I have not liked and even occasionally downright disliked most of Christopher Nolan’s previous films. Inception and the Dark Knight trilogy were just plain awful.
Interstellar, however, is clearly his best, by far and quite the engaging and also original movie. It isn't like I was jumping in joy when it ended, but I did enjoy it, and I was eventually also engaged in the story.
Also due to the fact that I've taught myself complex storytelling and that I, in several of my novels also use the quirks of time as an important part, I realized not long after the issue was introduced that he was the ghost speaking to his daughter and to himself and that the he would eventually end up in the black hole mentioned fairly early in the movie. But me, a seasoned author guessing the plot doesn't make it predictable.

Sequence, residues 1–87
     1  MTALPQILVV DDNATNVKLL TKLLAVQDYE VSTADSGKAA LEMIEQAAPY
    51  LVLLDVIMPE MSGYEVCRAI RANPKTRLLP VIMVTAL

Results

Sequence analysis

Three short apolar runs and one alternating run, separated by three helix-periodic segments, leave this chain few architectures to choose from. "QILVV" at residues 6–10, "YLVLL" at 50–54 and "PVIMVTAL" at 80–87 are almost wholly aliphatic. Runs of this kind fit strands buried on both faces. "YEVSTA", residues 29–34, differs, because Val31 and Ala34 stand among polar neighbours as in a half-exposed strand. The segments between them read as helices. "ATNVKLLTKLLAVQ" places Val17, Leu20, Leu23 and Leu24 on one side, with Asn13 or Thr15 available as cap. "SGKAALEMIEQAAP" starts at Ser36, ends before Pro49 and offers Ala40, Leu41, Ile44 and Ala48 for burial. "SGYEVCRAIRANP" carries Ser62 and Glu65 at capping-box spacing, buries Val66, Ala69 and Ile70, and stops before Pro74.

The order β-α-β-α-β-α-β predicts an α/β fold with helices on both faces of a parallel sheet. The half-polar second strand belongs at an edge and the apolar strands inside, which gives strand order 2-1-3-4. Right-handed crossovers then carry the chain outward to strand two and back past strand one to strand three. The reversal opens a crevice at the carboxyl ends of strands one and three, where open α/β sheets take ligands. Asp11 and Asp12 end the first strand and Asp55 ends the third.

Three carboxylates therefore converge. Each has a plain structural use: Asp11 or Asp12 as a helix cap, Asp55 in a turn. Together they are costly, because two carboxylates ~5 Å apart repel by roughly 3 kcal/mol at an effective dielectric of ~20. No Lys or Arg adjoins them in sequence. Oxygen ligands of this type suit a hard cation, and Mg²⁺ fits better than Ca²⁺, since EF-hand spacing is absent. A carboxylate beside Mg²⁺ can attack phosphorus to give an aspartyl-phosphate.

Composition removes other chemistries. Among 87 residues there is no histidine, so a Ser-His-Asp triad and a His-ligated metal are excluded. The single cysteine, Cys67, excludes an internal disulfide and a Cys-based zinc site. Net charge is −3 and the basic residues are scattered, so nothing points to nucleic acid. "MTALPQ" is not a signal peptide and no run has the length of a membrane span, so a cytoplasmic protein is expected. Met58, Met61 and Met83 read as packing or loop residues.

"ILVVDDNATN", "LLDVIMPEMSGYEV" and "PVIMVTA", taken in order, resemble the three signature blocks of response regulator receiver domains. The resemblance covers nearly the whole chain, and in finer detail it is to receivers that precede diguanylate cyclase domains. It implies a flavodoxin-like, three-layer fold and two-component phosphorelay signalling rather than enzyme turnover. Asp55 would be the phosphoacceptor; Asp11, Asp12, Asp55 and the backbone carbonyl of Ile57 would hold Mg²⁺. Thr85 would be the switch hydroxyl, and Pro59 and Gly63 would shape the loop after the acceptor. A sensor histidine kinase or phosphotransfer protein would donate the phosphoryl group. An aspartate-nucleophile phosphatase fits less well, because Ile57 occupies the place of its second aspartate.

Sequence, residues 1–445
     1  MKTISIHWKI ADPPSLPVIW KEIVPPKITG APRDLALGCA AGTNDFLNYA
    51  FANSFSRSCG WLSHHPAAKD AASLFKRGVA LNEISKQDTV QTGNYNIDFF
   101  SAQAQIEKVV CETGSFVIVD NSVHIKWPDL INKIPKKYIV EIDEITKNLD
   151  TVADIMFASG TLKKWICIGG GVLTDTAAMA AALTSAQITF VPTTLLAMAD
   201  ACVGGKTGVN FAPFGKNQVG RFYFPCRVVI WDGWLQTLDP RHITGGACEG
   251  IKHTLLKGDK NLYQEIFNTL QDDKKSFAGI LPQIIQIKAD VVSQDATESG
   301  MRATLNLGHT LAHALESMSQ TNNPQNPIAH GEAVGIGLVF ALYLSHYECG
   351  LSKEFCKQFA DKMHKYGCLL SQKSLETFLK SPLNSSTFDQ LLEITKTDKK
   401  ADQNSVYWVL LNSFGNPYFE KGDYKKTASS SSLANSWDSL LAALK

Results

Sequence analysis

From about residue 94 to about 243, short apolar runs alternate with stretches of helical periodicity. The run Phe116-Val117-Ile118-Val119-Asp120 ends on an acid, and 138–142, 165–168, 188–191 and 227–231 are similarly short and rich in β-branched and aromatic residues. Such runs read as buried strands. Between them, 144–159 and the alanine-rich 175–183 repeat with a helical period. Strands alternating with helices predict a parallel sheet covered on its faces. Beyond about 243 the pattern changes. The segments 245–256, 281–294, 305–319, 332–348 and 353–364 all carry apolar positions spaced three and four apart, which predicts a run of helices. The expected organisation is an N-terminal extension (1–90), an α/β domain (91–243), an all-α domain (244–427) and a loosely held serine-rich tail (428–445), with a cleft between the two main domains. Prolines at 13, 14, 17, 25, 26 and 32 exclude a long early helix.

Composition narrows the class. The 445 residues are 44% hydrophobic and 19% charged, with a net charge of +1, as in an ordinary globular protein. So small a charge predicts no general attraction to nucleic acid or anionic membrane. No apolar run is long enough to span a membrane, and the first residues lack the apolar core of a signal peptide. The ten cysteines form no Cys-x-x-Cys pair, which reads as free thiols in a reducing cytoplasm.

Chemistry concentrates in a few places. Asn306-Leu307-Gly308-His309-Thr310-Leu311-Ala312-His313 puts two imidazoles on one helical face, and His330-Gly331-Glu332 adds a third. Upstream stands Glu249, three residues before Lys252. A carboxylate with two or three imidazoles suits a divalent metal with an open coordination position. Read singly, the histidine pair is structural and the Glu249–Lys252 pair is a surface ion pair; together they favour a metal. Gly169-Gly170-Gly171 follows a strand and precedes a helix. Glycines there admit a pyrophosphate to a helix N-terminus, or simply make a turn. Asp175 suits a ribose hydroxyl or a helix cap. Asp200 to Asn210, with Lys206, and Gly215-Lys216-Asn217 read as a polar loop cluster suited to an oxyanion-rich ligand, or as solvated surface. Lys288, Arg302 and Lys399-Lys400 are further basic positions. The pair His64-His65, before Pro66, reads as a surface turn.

There are weak, very weak points, among them early scenes with Matthew McConaughey with his daughter in the story, and Anne Hathaway and McConaughey together where it seems like they can’t act, which is clearly erroneous, and Nolan clearly must be blamed for and as if all the faults with his previous films are and will be repeated. It improves eventually though, and the last half hour after the near destruction of the space ship is a pleasure to experience.
I like it. The pretty, shallow visuals from Inception are almost completely gone. This is something as rare as a gritty science fiction movie. The human factor dominates the story, doing so almost too much. The originality and the scope of it all, its epic feel makes it a far cry from the current typical empty-headed
When directors have made quite a few commercial successes in a row in theYes, the American flag at the end is annoying. So is also the stupendous claim that «love transcends time and space».
system, they are usually allowed to make a movie with less interference from a
given studio, which often results in a far superior movie compared to those
commercial successes. This is clearly the case here.